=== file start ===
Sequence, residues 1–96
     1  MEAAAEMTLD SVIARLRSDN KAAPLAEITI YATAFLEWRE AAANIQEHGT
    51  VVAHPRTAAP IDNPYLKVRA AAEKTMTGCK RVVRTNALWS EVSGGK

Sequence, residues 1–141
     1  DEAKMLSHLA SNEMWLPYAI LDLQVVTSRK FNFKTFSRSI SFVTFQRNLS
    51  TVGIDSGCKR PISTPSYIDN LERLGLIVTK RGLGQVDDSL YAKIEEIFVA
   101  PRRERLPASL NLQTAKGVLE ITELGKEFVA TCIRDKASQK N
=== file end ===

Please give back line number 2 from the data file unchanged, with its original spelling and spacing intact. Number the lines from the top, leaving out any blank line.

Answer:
     1  MEAAAEMTLD SVIARLRSDN KAAPLAEITI YATAFLEWRE AAANIQEHGT